But my boy persisted–amidst snickers and protests–pulling the jagged green leaves and dropping them in a bucket re-purposed from the sandbox. He washed them and presented them to me when I returned.

with a face like that, I'd probably eat anything he had to offer

We added shredded carrots and mung bean sprouts and a not so dainty smothering of homemade miso-mayo dressing.

And even my mom loved it. You could say she ate her words.

Guess who else likes dandelions?

Dandelions and apricot blossoms seem to be the epitome of spring. (unless you’re my mother-in-law in New Jersey and you’ve got all sorts of garden veggies winking up through the soil).

Still Life with apricot blossoms and dandelion salad

Perhaps, like the bumblebee, we can begin to see these sunny yellow heads as gold in our lawns and gardens.  And when we are left with the fuzzy, white seed puffs, may we, like the children, see millions of wishes to be set free on the wind.

Have a sunny weekend with just the right bite of bitter greens!

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36 Responses leave one →
  1. April 23, 2010

    Oh my, you are such a lovely writer! Breathtaking! And I have to say I am jealous of your apricot blossoms (the trees won’t even grow here in Maine). We are having a shockingly early spring this year (except for a flurry of snow Saturday morning that blanketed the daffodils). And thanks for reminding me I should actually USE those chives I noticed (to steal your phrase) fountaining out of the ground this morning.

  2. April 23, 2010

    What a beautiful ode to apricot blossoms and dandelions. Now I feel the need to hunt down an apricot tree for my yard! I’m pretty sure they grow well in OHio.

    Our dandys are starting to puff, which puts me in a panic every year. They are my favorite wild edible of all and i use every bit of them.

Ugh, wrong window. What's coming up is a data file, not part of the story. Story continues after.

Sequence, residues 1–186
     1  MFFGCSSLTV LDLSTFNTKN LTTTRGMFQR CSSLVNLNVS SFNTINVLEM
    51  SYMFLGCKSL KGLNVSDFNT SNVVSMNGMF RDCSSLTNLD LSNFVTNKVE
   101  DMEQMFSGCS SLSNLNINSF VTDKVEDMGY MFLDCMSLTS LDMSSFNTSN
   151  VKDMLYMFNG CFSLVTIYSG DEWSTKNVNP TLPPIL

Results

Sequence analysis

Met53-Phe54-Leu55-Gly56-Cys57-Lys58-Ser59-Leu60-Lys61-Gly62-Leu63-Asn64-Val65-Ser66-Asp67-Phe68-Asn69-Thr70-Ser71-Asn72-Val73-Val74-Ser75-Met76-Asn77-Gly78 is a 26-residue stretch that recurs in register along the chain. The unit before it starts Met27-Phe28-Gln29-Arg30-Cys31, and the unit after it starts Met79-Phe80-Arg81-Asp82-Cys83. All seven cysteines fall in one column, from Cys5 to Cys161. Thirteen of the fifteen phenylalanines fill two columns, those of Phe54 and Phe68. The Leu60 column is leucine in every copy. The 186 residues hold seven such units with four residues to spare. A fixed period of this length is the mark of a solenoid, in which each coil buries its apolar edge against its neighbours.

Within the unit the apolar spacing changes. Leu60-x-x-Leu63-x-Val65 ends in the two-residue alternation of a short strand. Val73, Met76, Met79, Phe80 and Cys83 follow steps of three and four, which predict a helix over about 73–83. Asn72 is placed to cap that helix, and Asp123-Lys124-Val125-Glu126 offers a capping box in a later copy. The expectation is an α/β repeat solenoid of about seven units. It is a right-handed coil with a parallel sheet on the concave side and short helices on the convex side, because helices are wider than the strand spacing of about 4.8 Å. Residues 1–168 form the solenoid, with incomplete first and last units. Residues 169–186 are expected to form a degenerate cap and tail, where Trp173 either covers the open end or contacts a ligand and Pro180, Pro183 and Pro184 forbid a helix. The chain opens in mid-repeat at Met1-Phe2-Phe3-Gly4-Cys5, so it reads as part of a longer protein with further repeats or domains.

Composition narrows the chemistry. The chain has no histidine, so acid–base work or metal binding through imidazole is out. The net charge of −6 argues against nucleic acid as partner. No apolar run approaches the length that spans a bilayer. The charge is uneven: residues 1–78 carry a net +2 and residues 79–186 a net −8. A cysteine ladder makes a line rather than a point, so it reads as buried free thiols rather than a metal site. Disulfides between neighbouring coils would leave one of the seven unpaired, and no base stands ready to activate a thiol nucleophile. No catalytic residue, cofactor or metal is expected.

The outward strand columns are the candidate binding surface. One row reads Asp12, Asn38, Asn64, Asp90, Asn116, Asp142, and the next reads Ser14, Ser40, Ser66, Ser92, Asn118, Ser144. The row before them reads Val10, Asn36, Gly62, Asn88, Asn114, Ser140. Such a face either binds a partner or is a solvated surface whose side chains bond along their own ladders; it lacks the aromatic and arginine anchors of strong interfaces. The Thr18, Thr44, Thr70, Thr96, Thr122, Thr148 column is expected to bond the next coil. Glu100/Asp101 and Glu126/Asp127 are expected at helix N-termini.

Oh, and those mung sprouts look great. Need a sprouter too…..geez, I come over here in great want….I know what I’m spending my birthday money on. :)

    lisa

  3. April 23, 2010

    We had cheeks and lips covered with beautiful yellow dandelion dust just yesterday. Having kids has made me see the beauty in the dandelion.
    Off to gather leaves and make a delicious looking dandelion green salad tonight, thanks to your post.

  4. April 23, 2010

    That looks like a delicious salad. I would totally eat that up!! Spring looks like yours, a little faster. We’re at about 4,000 feet. I really need to start planting my garden!! My kids aren’t into dandelions, although I will suggest it. They do love to pick baby tumbleweeds which are edible and good in salads. Do you have tumbleweeds in your area?

    • 6512 and growing permalink*
      April 23, 2010

      Kyndale, just because my kids like to *pick* dandelions doesn’t mean they’ll eat them (although I caught Rose with some yellow petals in her mouth yesterday). And no tumbleweeds here, we’d have to venture a little west into Utah or Arizona.

  5. April 23, 2010

    Beautiful, as usual!

  6. Anonymous permalink
    April 23, 2010

    Oh Rachel! I do love your style! :) The look on Col’s face as he’s presenting the greens is priceless! The way his eyebrows are pinched up in the middle, you can just feel him holding his breath waiting for you to burst out with accolades at a job well done! I love that! I’m also happy to know that someone else has a slow spring. While I’ve got veggies growing year-round, I do love that my blossoms come late and stay longer than anywhere else I’ve seen around here. For example, I have a wisteria vine and one year, I noticed that mine didn’t bloom until a month and a half after a friend’s in Willow creek, and 3 weeks after one just down the road. Those vines kept their blossoms for 2 days and 1 week respectively, while mine had flowers for a month! SO, you’ve helped me to remember why I don’t mind living in near-total shade! Thanks for your lovely thoughts and eloquent writing!